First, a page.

Taken By the Sidhe

Chapter 4

Though he was but six years old, Owen would never forget the night his sister Gwynydd went missing, or what happened the following day. His mother, Morgan, had gone out to find her, and learned that she had been consorting with a Sidhe.

Upon hearing this, Owen's father, Garth, sent him out to gather firewood. But Owen stayed near the door long enough to hear Garth's angry cries. He called Morgan a witch and Gwynydd a whore, and sent both of them away.

The last words Garth ever spoke to his own wife and daughter were, "Let the Sidhe take both of you wretches! I'll not have your rotten kind within my home!"

Though Garth had often made favorable comparisons to the Sidhe before, as people often did, he now mentioned them only in insults--as cruel as the Sidhe, as cowardly as a Sidhe. Aunt Etain offered to help keep house, but Garth sent her away, simply for being named after a legendary Sidhe.

And so after that, Garth and Owen lived alone.

Aurea and Gwynydd, weeping, walked back to Sidhe Hill. Garth had been even angrier than they had expected, and had sent them on their way without even giving them time to pack anything. They had not even had the chance to bid little Owen good-bye.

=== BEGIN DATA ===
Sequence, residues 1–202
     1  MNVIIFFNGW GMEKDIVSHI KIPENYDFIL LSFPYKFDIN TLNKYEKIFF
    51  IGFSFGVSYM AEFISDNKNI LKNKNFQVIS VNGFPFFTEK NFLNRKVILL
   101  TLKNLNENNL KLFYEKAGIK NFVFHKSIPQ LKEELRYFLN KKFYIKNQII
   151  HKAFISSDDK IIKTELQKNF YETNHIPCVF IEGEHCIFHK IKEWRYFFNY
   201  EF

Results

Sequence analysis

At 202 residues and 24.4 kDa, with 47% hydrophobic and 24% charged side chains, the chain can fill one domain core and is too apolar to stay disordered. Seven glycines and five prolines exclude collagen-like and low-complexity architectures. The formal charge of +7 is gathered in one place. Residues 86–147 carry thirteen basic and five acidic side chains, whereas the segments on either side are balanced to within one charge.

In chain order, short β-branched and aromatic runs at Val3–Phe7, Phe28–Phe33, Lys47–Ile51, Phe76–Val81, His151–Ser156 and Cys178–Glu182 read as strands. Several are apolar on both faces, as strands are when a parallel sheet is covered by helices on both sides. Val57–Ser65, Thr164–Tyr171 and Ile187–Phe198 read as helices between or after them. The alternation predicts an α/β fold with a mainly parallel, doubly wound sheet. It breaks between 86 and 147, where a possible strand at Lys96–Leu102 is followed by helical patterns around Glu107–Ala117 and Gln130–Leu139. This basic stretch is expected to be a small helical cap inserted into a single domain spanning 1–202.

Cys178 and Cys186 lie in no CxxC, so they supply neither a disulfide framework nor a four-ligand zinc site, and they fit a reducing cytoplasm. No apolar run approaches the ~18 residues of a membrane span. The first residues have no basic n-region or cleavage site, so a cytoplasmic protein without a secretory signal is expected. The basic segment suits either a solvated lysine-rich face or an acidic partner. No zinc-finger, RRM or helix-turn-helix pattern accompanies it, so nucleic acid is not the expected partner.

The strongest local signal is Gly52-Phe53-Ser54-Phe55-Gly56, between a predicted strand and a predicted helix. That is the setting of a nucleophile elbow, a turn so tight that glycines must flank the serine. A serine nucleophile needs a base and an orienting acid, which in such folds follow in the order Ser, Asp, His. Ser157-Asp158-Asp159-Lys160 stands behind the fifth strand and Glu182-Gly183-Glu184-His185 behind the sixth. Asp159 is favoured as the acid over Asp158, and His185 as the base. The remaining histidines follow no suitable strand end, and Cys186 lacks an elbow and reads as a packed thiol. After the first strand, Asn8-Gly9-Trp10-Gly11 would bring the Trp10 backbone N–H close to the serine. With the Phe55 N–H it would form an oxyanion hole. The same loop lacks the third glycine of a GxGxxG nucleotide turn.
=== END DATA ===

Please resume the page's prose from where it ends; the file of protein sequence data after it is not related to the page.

Aurea made an unusual sweeping motion with her arms, and the way into Sidhe Hill opened. Their old life was over.

Gwynydd was quiet as her mother led her to Anoron's home. She knew that Aurea blamed her for their banishment from their village. And although the prospect of staying with Anoron was thrilling, she had never known any other home. She was beginning to wonder if she had made the right choice.

After an hour's walk, Anoron announced that they had arrived. The building in front of them looked too small and thin to be a real castle--like a painted picture instead of the real thing. Aurea assured her it was much larger on the inside. A wistful smile appeared on her face as she remembered her childhood home.

Anoron was overjoyed to have his sister and lover stay in his home. Out of respect for her feelings, he gave Aurea a suite that was as far from his own as was practical. But Gwynydd's chamber was right next door to Anoron's. As a woman of eighteen, she was allowed to choose her consort and expected to sleep near him, so that he could call on her at will.

"Now," he said, hands on Gwynydd's shoulders. "You should bathe and dress for dinner, so that when I present you to my household, you look as beautiful to them as you do to me." He gently pushed her through the door of her room, then called for a servant.

Anoron's lady-in-waiting undressed Gwynydd, which made her a little uncomfortable. The manner in which the servant scrubbed her body made her even more uncomfortable. She had never desired a woman before, but Mireth made her feel a yearning for new experiences.

As Mireth was drying Gwynydd off, Anoron entered the room. "Ah, there is my beautiful love." He kissed Gwynydd, making her shiver. "Much as I would love to ravish you again, we must prepare you for dinner." Anoron turned to Mireth. "The blue gown, I think. And silver jewelry, to complement that lovely dark hair of hers."

Chapter 5